The divide between STEM subjects and ethics and humanities subjects can demonstrate how dangerous this separation really is. In outlining the reasons for the development, thesis student and Cognitive Science AOC Laura Perkins delineated this in the perspective of Western culture.

“The idea that meaningful academic work can be done without ethical concerns or consideration of the humanities is a dangerous one,” Perkins elaborated. “It’s worth repeating that the distinction between ‘scientist’ and ‘philosopher’ is a recent development for the ‘West.’ Not long ago, there was no difference.”

Even President Patricia Okker—formerly a Professor of English at the University of Missouri—values the weight of exposure to ethics and humanities courses in tandem with a STEM concentration.

“I highly recommend humanities courses for all students, regardless of AOC,” Okker stated. “They help us learn to communicate better, to respond to ambiguity and complexity, to understand the importance of historical and cultural contexts, to appreciate beauty and so much more. These courses are especially important for scientists because the vast majority of scientific challenges cannot be resolved by science alone.”

Okker also brought evidence to the table regarding her take on the matter.

“Scientists who have earned a Nobel Prize, for example, are more than 20 times more likely than other scientists to have life-long engagement with non-scientific activities that often include the arts (music, dance, acting),” Okker elaborated.

Taking ethics and humanities courses while focusing on a STEM concentration can diversify a student’s thinking avenues and perspectives in a variety of contexts. Assistant Professor of Philosophy and Environmental Studies Nicolas Delon, who is currently teaching a course titled “The Good Life: Happiness, Meaning, and Ethics in a Complex World,” had much to assess when answering the question of cognitive processes.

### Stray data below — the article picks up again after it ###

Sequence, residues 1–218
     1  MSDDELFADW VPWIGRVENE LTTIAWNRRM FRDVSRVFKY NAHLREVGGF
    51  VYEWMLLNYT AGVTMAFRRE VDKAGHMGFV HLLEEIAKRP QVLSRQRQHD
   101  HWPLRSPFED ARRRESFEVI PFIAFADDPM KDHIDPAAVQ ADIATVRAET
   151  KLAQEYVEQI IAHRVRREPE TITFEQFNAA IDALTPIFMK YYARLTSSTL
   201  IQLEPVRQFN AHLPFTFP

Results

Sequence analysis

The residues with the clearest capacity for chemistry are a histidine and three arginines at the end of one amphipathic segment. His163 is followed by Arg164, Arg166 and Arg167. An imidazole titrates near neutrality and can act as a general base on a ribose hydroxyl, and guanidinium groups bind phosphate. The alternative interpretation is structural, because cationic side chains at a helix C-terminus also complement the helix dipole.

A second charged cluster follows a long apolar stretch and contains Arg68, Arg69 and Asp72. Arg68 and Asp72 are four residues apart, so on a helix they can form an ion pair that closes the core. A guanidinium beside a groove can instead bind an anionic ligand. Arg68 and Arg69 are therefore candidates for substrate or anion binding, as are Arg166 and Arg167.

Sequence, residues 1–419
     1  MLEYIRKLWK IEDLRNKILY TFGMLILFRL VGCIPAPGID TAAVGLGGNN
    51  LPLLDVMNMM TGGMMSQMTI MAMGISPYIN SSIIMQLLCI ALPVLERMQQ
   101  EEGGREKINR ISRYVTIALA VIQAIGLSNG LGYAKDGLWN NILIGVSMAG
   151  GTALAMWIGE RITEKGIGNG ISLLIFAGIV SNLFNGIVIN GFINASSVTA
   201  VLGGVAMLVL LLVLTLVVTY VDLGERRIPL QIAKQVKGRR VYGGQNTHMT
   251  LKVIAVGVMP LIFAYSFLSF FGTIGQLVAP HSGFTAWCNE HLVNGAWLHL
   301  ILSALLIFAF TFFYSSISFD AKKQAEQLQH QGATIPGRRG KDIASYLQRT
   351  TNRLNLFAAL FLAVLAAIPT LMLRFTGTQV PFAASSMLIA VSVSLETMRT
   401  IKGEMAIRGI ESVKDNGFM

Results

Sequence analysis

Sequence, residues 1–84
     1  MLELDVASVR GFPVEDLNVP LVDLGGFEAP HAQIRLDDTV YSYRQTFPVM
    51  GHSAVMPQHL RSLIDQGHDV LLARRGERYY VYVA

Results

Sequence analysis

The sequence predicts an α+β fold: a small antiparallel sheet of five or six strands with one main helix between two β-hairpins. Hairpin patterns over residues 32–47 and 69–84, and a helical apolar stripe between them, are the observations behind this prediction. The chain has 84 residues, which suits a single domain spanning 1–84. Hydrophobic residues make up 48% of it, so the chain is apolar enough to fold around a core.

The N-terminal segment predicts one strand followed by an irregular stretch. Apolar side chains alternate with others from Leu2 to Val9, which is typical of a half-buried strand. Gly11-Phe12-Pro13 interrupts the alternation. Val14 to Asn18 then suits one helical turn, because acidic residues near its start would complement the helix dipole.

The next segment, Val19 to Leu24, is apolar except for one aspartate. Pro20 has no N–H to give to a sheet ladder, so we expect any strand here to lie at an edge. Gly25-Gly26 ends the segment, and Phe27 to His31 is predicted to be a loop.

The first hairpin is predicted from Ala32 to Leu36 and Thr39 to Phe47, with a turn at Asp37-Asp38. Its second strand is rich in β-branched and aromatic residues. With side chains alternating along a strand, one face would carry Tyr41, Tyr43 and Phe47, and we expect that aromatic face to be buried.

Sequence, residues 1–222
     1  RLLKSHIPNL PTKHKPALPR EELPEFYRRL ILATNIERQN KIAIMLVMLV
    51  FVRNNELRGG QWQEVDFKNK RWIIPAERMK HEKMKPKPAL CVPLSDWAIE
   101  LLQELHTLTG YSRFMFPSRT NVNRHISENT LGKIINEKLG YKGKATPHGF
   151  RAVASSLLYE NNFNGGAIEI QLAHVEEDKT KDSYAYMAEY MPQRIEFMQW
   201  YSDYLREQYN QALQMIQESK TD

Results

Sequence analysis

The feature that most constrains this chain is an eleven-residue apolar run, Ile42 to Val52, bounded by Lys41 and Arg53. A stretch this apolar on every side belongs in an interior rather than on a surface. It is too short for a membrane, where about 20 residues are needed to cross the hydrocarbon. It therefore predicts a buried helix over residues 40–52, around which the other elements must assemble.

“I would say, especially if you are a STEM major, you will benefit from exposure to a different way of thinking, different ways of writing and ways of making sense of the world that don’t fit neatly into the curated boxes of natural sciences, as important as they are (for the same reasons humanities majors should dip into science)” Delon revealed. “I’m very interested in natural sciences myself, but I’ve learned a great deal about human beings from, say, reading novels and obviously philosophy. The best neuroscientific account of cognition won’t tell you all you want about how a human mind really works, but a great novel can go a long way.”